1. Psyche
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This piece is about Tolkien’s Mythology, and I propose that for Tolkien, as for Dion Fortune, a key role was to help the National mind of England during the transition to the Age of Aquarius, and to set the tone for the new Age. This followed by a pathworking to Rivendell, to meet Arwen Undómiel. I am not alone in having worked with this Mythology for a long time, but I clearly recall my first steps in the Mysteries when I attended a work shop where we were taken on an inner journey to the top of a tower to contact one’s spirit guide. As I entered the room there was a figure with his back to me. He turned around, laughing: It was Gandalf the Grey. I thought to myself- ‘why on Earth am I meeting a fictional character, better get back to the day job.’ I’ve learned a lot since then, but I know that the (supposedly) fictional and recent nature of the mythology is an obstacle for some and I want to give those of you who haven’t yet worked with the material an opportunity to do so. As Dion Fortune said: an ounce of practice is worth a pound of theory!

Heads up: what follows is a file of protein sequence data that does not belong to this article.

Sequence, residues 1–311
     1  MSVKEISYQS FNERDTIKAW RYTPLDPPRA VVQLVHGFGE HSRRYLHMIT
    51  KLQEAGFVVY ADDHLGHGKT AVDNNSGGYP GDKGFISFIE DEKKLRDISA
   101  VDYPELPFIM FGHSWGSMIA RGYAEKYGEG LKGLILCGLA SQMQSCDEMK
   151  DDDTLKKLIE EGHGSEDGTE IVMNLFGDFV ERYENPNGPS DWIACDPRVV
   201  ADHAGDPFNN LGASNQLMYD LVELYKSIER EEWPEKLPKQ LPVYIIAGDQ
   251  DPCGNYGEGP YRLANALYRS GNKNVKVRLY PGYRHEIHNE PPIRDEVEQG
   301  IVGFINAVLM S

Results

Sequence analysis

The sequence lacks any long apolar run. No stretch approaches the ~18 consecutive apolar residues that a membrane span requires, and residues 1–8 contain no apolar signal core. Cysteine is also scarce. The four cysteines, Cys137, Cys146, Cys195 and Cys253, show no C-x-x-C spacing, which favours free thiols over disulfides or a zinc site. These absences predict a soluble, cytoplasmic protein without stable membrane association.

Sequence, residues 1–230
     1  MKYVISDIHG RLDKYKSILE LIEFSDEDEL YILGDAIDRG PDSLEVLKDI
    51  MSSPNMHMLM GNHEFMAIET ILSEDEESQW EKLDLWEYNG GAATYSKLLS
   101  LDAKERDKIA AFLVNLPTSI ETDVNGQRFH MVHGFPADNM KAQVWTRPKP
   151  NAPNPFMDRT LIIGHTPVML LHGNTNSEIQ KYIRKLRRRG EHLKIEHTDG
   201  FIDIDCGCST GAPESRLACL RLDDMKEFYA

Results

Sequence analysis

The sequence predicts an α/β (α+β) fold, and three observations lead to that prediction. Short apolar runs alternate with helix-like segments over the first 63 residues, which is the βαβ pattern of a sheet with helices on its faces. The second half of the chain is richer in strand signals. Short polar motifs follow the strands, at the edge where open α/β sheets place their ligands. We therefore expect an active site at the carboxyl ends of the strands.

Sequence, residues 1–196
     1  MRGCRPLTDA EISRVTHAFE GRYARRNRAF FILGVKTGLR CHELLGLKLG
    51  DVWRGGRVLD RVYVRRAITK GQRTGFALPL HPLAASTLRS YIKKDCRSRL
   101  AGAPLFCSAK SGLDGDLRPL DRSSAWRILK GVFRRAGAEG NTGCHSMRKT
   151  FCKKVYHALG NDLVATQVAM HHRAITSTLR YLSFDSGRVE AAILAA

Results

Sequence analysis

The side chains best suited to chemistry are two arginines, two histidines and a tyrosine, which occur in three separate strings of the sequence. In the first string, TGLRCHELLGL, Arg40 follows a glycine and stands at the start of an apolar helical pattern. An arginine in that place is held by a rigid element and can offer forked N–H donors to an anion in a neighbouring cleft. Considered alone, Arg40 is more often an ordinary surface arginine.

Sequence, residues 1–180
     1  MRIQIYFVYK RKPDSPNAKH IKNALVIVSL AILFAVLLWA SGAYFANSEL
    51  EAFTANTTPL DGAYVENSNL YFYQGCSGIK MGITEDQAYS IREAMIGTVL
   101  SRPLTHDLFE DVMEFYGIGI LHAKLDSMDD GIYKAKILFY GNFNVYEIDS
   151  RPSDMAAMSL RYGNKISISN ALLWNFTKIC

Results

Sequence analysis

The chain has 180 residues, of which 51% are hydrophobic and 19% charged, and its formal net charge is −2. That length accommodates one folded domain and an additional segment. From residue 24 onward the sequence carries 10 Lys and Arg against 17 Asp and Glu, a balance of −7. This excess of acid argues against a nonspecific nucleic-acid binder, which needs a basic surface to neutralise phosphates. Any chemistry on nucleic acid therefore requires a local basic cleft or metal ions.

References
  1. http://dionfortune.co.uk/articles/dion-fortune-and-the-other-arthuriad
It is not for me to teach the Psychologists their business, however great the need.
Peter Nascien Accepted Answer
Moderator
Thank you, Psyche, for posting your talk on the website and I appreciate the opportunity to read it at leisure. It had not occurred to me that there were so many parallels to be found between the work of Tolkien and of Dion Fortune - but of course each enriches our understanding of the other.
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Psyche Accepted Answer
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Hello Peter
It is not an obvious connection is it? However even their definition of magic has similarities. So Dion Fortune had her famous art of changing consciousness in accordance with will . Whereas Tolkien talked about entering into a state of enchantment which was a shift in consciousness.

I am glad you enjoyed it.

Psyche.
It is not for me to teach the Psychologists their business, however great the need.
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JMG Accepted Answer
Psyche, thank you for a fascinating article and one on a subject that's also dear to my heart.